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Joyce Marsh
Alison Temple stood at her kitchen sink washing up. It was always the first chore of her day,
and with the ease of long practice she flicked her cloth around the cups and across the saucers
and plates. It was not a job that required much concentration and only half her mind was on
what she was doing, for the 3.03 from Sutton Street was due at any moment and she was
Listening for the first sounds of its approach.
Below her and less than fifty yards away the shining bright ribbon of the track snaked away
towards Caitham Junction a quarter of a mile or so down the line. Most of her neighbours in
the flats complained of the noise, dirt and inconvenience of living so close to the railway line
but not Alison. Even at the age of thirty-six she had never outgrown her childhood pleasure
in watching the trains go by.
The huge engines of her childhood days, belching clouds of smoke and steam, had given way
to sleek, gleaming diesel locomotives which throbbed with speed as they hurtled over their
unending miles of track. There was a tremendous excitement in their monstrous power, but
her romantic imagination was, and always had been, most deeply stirred by the passengers
briefly glimpsed as they sped on to distant places where she herself had never been. These
anonymous travellers fascinated her; without past or future, their lives touched her own for
one split second and then were gone, as if they had never existed until that moment and never
would again.
She could hear the train now, and by leaning forward and slightly craning her neck she could
just see the yellow-nosed diesel coming down the line. It was travelling quite fast, but as
usual it began to slow down before reaching her flat and by the time the engine was opposite
her window she could see into the carriage quite plainly. The train was not crowded and she
gave each carriage a long, concentrated stare. Suddenly out of the corner of her eye she
caught a flash of bright green, and she turned her head sharply.
In the second to last carriage a woman wearing a vivid green dress was leaning far out of the
window. Her arms waved frantically and her head was strained far back as if someone inside
the carriage were pulling at her hair. The train rolled on toward Alison's house, slowly, calmly,
and the woman in the green dress struggled desperately against some unseen force.
The carriage came abreast of the window and Alison was looking straight into the woman's
eyes. The desperate, urgent fear in those eyes flung across the dividing space until Alison felt
it herself in the tightening of the muscles of her throat and the fearful pounding of her heart.
Then with a violent effort the woman in green jerked her head free and throwing herself even
further forward she began to struggle with the outside handle of the carriage door. In a brief
moment she had succeeded and the door swung open. The horrified watcher at the window
saw her gather herself to leap out, but the unseen person in the carriage violently pulled her
back, and she was gone from sight. The train passed by the window and only by pressing her
face against the glass was Alison able to see the open swinging door and then, just before it
passed out of sight, an arm, a man's arm, reach out to pull it shut.

Alison stood quite still, her face remaining pressed against the cool glass. Every detail of the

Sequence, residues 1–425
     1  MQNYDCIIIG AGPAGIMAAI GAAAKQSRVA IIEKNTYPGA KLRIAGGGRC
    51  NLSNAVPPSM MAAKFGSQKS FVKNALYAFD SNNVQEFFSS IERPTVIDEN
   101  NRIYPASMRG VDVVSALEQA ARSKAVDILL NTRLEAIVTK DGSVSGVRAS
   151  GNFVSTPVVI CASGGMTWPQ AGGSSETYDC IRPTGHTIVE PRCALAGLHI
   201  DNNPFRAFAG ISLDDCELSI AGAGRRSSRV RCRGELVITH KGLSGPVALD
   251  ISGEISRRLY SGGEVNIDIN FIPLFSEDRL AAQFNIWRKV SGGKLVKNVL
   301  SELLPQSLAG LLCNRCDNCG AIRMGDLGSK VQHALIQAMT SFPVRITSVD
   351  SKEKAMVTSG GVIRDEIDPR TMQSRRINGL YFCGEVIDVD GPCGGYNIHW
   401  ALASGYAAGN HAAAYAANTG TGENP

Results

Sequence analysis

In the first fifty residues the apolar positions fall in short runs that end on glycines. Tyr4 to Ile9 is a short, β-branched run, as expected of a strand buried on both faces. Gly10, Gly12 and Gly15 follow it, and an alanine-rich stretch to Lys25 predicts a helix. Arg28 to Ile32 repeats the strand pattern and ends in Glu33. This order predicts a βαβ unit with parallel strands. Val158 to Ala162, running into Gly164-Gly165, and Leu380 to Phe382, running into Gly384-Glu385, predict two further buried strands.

scene she had just witnessed was sharply etched on her mind. In a few seconds, the first
numbing shock had passed, and as the last carriage finally disappeared from view she moved
swiftly. She had to warn the station ahead; the train would pull into Caitham Junction in a few
minutes and could pull out again -before anyone knew of the woman's desperate plight.
The rainbow soap suds still glistened, on her hands as Alison fumbled urgently with the
telephone directories. The dampness on them made it difficult to turn the pages and with a
quick impatient gesture she flung the books on the floor. The police dial 999 that was
the quickest way.
'Which service do you require?'
'The police and please, this is very urgent.'
In less than a minute she was connected to the police. Forcing herself to be very calm, for a
wild, incoherent rush of words would only delay the necessary action, Alison gave her name
and address first and then, speaking clearly and carefully, briefly explained her call. And that,
for the moment, was all she could do for the woman in the green dress.
It was little more than an hour later when the police constable called on her. He was a
courteous young man but inclined to be slow and ponderous as he checked the details of her
statement. Alison answered carefully, controlling her impatience as best she could until at last
she could bear it no longer.
'What about the woman? Were you in time is she all right?'
The disjointed questions were hurled at him urgently. He looked at her curiously and for what
seemed a particularly long time before he answered.
'Madam, there was no trace of a woman answering your description, neither was there any
sign of a disturbance in any of the carriages.'
Alison stared at him unbelievingly. Then she said, 'But there must have been, perhaps you
searched the wrong train.'
'No, Madam, it was the right train and she was not there. Possibly the lady had left the station
by the time we got there.'
'She couldn't have done, she wouldn't have just walked away, not after what I saw happening
to her. I tell you that woman was being violently attacked, I saw it all from the window.'
Alison waved her hand vaguely in the direction of the kitchen window. The policeman made
no move to check her view-point but he answered politely.
'I am not doubting your word, but perhaps the lady was not in such desperate straits as you
imagined. Distance can distort things sometimes, you know.'

There was an air of finality about the way he turned back to his note book which precluded
any further discussion. Meekly Alison told her story again, carefully remembering all the
details, and after a few more formalities, the policeman left.
For the rest of the day Alison was haunted both by the incident and the woman herself. There
had been a curious familiarity about her as if she had seen her somewhere before, perhaps
briefly and in some forgotten place. At times Alison closed her eyes and allowed the whole
scene to parade before her inner mind whilst she sought to remember every detail of those
distorted features.
She wandered restlessly from room to room, unable to concentrate on her work. The flat had
suddenly become lonely and desolate and she longed for the moment when her husband
would come home.
At first Ted had shown a mild interest, but as soon as he heard of the police theory his interest